Plan for dialysis to interrupt your life

SURVIVAL TIP: Ask questions. If you don’t understand the answer, ask again. Ask more than one person if you need to. Interrupted sleep, the side effects of medicine, and obviously the illness can cause memory lapses or disrupted thought processes while you’re in the hospital. Write down the answers when you ask questions, as well as the source.

While in the hospital recovering from kidney failure, the nephrologist told me my kidney function was at 6%, when healthy people have about 90% function. I know what he said because I kept texts for myself and sent updates to friends and family. I didn’t send out all of the texts. Some were more to keep notes for myself than for friends.

After six days in the hospital, I was ready to go home. The Charlotte nephrologist’s assistant set me up for dialysis two days later with the same doctors I had left after they failed to diagnose the need for dialysis twice. So I wasted hours with staff filling out the same paperwork for that single visit that is required for each facility and running dialysis for one day because I had to have immediate dialysis and she didn’t take into consideration what i told her. AARRGH!

Did YOU KNOW: “Being without dialysis as few as three or four days could result in illness or even death for individuals with kidney failure,” according to the Southeastern Kidney Council. So watching your fluid intake is critical because you might have to go longer than the normal period between treatments in the case of freezing roads, hurricanes, etc. Most units run six days of full shifts with no room for additional patients. So if you have trouble breathing or experience swelling, get to the emergency room!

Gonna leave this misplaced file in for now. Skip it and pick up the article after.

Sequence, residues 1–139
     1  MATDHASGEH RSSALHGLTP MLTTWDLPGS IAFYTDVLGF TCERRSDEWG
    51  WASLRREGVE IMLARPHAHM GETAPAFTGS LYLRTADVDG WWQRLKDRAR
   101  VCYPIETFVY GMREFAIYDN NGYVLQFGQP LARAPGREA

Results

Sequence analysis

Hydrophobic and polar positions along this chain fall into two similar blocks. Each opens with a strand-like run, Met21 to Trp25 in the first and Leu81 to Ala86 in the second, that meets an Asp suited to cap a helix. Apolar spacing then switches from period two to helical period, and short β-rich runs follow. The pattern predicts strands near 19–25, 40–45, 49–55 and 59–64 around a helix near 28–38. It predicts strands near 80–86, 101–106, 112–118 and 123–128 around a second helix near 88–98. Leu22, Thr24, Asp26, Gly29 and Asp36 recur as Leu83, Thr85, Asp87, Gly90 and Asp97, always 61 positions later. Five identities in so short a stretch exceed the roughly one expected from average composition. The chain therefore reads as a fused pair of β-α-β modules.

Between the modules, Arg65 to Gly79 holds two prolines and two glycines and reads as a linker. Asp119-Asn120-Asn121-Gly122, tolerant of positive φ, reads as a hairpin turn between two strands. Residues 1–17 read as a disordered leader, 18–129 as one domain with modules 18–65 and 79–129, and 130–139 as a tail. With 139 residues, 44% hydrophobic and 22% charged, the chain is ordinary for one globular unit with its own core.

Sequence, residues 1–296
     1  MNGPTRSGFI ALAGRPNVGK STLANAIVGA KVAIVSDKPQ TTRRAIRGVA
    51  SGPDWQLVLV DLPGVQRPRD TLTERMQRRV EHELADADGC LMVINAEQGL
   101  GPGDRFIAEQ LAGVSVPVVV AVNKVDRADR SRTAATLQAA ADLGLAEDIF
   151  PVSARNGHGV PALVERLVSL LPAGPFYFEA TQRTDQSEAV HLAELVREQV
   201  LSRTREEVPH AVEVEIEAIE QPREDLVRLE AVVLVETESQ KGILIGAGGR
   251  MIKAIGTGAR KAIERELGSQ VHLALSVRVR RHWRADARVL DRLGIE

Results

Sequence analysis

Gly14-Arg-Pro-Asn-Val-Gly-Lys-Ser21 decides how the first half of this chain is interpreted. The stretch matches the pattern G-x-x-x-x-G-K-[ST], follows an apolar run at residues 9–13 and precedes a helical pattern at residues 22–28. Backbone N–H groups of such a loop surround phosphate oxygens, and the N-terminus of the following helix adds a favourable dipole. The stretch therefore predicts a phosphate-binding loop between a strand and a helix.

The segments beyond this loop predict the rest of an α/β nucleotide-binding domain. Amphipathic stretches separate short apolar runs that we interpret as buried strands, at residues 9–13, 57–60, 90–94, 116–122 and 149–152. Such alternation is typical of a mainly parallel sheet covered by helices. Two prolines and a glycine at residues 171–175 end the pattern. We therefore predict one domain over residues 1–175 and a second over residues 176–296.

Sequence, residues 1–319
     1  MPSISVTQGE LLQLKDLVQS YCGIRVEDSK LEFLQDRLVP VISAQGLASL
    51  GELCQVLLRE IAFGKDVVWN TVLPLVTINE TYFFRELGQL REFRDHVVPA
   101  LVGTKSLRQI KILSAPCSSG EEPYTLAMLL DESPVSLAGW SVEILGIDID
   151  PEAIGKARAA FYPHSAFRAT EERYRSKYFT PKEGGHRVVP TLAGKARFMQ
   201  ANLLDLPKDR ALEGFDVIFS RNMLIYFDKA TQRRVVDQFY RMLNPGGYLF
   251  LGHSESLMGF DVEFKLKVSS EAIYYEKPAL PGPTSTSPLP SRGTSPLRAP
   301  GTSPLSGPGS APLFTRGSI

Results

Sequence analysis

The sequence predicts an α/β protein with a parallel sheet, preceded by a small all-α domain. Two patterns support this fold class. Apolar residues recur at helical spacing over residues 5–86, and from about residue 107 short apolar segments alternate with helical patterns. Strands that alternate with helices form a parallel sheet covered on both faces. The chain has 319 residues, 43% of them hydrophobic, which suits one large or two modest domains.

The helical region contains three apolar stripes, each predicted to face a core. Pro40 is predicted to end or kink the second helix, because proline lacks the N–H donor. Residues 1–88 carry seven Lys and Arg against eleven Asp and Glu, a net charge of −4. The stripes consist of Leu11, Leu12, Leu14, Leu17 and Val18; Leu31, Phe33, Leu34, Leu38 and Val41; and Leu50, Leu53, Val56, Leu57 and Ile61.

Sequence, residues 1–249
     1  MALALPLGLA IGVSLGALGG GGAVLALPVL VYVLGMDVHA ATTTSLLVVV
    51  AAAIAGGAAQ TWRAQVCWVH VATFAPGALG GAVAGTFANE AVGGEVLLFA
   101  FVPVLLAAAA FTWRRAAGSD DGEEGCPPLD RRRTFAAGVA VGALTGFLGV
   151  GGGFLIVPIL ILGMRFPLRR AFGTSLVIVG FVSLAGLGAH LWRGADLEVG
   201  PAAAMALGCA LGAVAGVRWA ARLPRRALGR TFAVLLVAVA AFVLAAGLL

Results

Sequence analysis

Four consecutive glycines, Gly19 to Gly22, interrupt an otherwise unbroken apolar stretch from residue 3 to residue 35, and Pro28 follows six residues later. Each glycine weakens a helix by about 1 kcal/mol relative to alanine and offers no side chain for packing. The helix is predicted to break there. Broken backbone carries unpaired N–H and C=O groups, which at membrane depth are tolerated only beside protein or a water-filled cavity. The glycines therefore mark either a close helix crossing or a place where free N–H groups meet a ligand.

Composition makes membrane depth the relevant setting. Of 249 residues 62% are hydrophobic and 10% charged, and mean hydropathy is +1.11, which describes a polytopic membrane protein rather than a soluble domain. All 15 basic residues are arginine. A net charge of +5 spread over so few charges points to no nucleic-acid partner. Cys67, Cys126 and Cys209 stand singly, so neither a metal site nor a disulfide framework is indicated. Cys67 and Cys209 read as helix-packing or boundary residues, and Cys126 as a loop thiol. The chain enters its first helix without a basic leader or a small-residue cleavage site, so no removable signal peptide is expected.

Monday, I was back in the hospital for an out-patient procedure to have the fistula prepared for safe long-term dialysis. While I was in the hospital the week before, a radiologist performed “vein mapping” with carbon dioxide to find the most acceptable veins for a fistula. The feeling as gas was pumped into the veins on the top of my hands and up into my arms, coupled with the sound of jackhammers that the machine produced, was more than uncomfortable. But when the nurse put her hand on top of the back of my hand during the process, the pain subsided significantly. Some people have fistulas in their forearms, but my veins were too small, so the next option was my upper arm.

While I was in dialysis at the hospital following the procedure to install the central venous catheter under the shoulder blade, the nephrologist said the surgeon was pleased with the results and I could go home after dialysis. Aware that things begin to shut down after 4 or 5 p.m., I alerted the dialysis nurse that I needed my clothes from pre-op so I could go home in a few hours. Surprise! There were no discharge orders. So she called an intern to get discharge orders. (Thanks!)

But because I was new to dialysis and didn’t understand the discomfort I should expect, I let a headache get the best of me. I didn’t want to bother the nurse, and then suddenly, the pain was so excruciating that I vomited. My systolic blood pressure sky-rocketed to 200. What made it worse was that I had no orders for pain medication, and my orders to stay had been cancelled. About 4 p.m., the staff scrambled to get me stable, get my blood pressure down, and eliminate the nausea.